We've come a long way in the past 10 years since we launched the LIBD site… It was right around this time in particular, 2010/11, that the digital sphere went through a rapid growth spurt, testing everyone’s ability to adapt!
Partly because we are about to enter another new decade, and partly because we are (still) going through the archive of our work to finally update our site, we’ve been thinking a lot about how web design has evolved over the past decade.Flash
One cannot think back about the good old days without thinking about Adobe Flash right? In the ‘00s, it was The Technology that allowed developers to incorporate animation and interactive content to sites.
In early 2010, MOTHandRUST launched our last Flash site. Shortly before that, all designers at the branding agency I was working at were enrolled on a rather lengthy Flash course. No one wanted to see that its demise was coming. But in April 2010, Steve Jobs wrote his “Thoughts on Flash,” a moment many have defined as “The Death of Flash.” Suddenly it was on the way out and everyone had to (sooner or later) accept this and adapt.
The LIBD site used interactive HTML5 Canvas animations that were just as sophisticated as Flash, but these could be viewed without having to install it (a major downside of Flash). This meant that it worked across most devices, even mobile. Of course today, everything can work pretty seamlessly across all devices, but this was quite amazing at the time. Responsiveness
Just over a decade ago, Nokia’s Symbian and RIM’s Blackberry were ranked as the top 2 mobile operating systems at the time. Things changed quickly, so by about 2010/11Android and iOS were quickly taking the lead. The iPhone was first unveiled in 2007, and its Android competitors showed up in 2010. Apple released the iPad in 2010.
With the explosive growth of smartphones and tablets, everyone had to adapt yet again, this time to designing for various screen sizes and devices: enter responsive web design. Today, the thought of a site not adapting to work on a tablet or mobile is unthinkable, but this was just not really done much before about 2010/11.
The LIBD site was responsive, which really made it stand out at the time. In fact, it did not only resize to tablets, but if you used it on a tablet and you tilted the tablet up and down, or left and right, you would move around the animation accordingly. Pretty cool!Design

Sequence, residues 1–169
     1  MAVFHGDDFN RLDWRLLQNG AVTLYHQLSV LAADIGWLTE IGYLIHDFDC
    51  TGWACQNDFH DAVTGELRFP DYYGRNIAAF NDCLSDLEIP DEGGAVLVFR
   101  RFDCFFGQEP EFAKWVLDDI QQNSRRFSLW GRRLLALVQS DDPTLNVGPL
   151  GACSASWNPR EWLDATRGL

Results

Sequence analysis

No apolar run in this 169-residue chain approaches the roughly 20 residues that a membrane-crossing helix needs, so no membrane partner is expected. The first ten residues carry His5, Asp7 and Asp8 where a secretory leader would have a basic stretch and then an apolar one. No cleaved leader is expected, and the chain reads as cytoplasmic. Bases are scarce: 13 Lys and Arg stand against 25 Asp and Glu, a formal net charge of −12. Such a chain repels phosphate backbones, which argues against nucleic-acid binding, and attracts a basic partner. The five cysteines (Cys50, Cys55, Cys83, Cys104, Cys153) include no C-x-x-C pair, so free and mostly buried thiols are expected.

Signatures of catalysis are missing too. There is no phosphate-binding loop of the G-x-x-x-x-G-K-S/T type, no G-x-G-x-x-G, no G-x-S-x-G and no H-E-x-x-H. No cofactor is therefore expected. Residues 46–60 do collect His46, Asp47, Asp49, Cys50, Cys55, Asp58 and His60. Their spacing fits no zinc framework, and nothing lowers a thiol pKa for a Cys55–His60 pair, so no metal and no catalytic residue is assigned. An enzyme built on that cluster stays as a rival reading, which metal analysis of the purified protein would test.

One of the decade’s biggest graphic design trends, flat design, was born out of a need to make digital apps clean and accessible. It was developed to ensure that responsive designs work well and load fast (especially important since mobile devices have slower internet speeds). Designers had to adapt their work for easy readability and sparse interfaces. Nowadays, it’s hard not to open a web page (or a brochure or a magazine) without being greeted by flat design (flat colors, minimal vectors and geometric sans serif fonts, etc).
As you can see in the image above, the LIBD site also used flat design. For example, all buttons are large, solid bright colours. Again, today this is not unusual, but in 2010/11 3D buttons where still not that unusual.Onwards
By the middle of the decade, websites were moving away from being The Way to engage audiences, and were becoming more like informational portals. We began to see a rise in single page scrolling websites, and a rise in more and more cookie cutter sites. Even today, it seems sites are still becoming purely informational and less experiential. Cookie cutter sites are more prevalent than ever, due in part to availability of off-the-shelf design templates.
But really, the internet is still young and it definitely still has so much potential. This is still the beginning. We love the internet. We keep seeing amazing developments for those who are able to resist the cookie cutter approach. Just as websites never did completely kill print, such things as Instagram and AR haven’t completely killed websites—they simply exist alongside them. We have so many ways to communicate now, often it is more a matter choosing many ways, not one, depending on the audience. We look forward to doing what we always have done, focusing on the result, not the medium used.The link to the LIBD site is still live
, at least until our upcoming site update.